A hydrogen fuel cell uses natural gas as a fuel to produce electricity and heat. Electricity is generated from the chemical reaction of hydrogen atoms with oxygen. Water is generated as a by-product of this process. The water dribbles out of the tailpipe as distilled water or steam. Hydro fuel cells can be a convenient source of energy.

To meet climate targets, we need all hands on deck. Natural gas can play an important role in this transition. In terms of carbon footprint, green hydrogen can reduce emissions by up to 95%. This green source can lower carbon emissions and can be an effective way to decarbonize certain sectors and help curb climate change.

Promises of green hydrogen

Today, almost all the hydrogen we produce is used to make other things like fertilizer or petroleum. It has always been easier and cheaper to directly burn fossil fuels for electricity. But that is changing. As the world is slowly waking up to the climate crisis, companies and entire countries are committing to not only reducing emissions but also reaching net-zero goals.

As hydrogen is the most abundant element in the universe, it can help balance renewable energy supplies and end-user demands. It is a renewable energy that is derived from water. It can be harvested from natural sources and is also an excellent alternative fuel. If green hydrogen is produced on a large scale, it would help cut carbon emissions from carbon-intensive industries.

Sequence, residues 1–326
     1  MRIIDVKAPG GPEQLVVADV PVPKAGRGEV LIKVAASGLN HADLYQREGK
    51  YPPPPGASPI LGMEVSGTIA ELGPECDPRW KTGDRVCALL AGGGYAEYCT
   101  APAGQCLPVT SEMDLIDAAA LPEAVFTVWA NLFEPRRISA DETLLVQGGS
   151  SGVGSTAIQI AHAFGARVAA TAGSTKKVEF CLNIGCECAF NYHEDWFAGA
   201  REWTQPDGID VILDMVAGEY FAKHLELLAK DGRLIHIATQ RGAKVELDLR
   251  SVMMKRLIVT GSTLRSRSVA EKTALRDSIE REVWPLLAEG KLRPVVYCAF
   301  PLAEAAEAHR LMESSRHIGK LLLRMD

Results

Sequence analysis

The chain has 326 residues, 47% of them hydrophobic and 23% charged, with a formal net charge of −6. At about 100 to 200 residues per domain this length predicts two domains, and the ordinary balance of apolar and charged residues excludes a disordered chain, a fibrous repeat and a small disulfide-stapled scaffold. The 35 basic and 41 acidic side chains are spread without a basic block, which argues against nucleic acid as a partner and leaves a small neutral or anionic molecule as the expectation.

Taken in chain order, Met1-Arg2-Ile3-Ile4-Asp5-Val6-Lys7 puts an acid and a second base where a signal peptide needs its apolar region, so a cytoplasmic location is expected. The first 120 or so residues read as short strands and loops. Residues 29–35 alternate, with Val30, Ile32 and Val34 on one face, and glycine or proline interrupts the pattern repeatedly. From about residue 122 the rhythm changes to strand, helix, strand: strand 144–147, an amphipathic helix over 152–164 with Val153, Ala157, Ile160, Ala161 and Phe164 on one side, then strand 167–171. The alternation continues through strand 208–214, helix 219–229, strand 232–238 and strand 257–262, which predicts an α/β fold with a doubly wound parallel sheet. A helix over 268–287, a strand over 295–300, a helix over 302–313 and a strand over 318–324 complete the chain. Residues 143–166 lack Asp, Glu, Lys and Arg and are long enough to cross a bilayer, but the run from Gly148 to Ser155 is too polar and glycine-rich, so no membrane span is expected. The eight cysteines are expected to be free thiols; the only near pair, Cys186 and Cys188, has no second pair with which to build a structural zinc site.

The initiative has already attracted several partners, including Saudi Arabia’s ACWA Power, the Australian project developer CWP Renewables, the Chinese wind turbine manufacturer Envision, European energy giants Iberdrola and Orsted, Italian gas company Snam and the Norwegian fertilizer producer Yara.

Green natural gas has many applications in the industrial sector, from making steel to producing methanol. The European Union has drafted a strategy for large-scale green hydrogen deployment, although the strategy has yet to be adopted. The plan provides funds for building green hydrogen electrolyzers, transportation and storage.

This source of power is also expected to lower energy costs. It can make a significant contribution to the global energy mix. With its abundant natural resources and high energy density, natural gas can play a critical role in mitigating global warming. However, the costs of storing and transporting this element will remain high. Governments must invest in these technologies to reap the benefits.

Green natural gas has the potential to bolster energy supplies while lowering greenhouse gas emissions. Specifically, it is a valuable storage option for intermittent renewable energy sources. It can also be used as a zero-emission fuel for aviation and maritime shipping. We should even see this energy source entering our homes and our cars.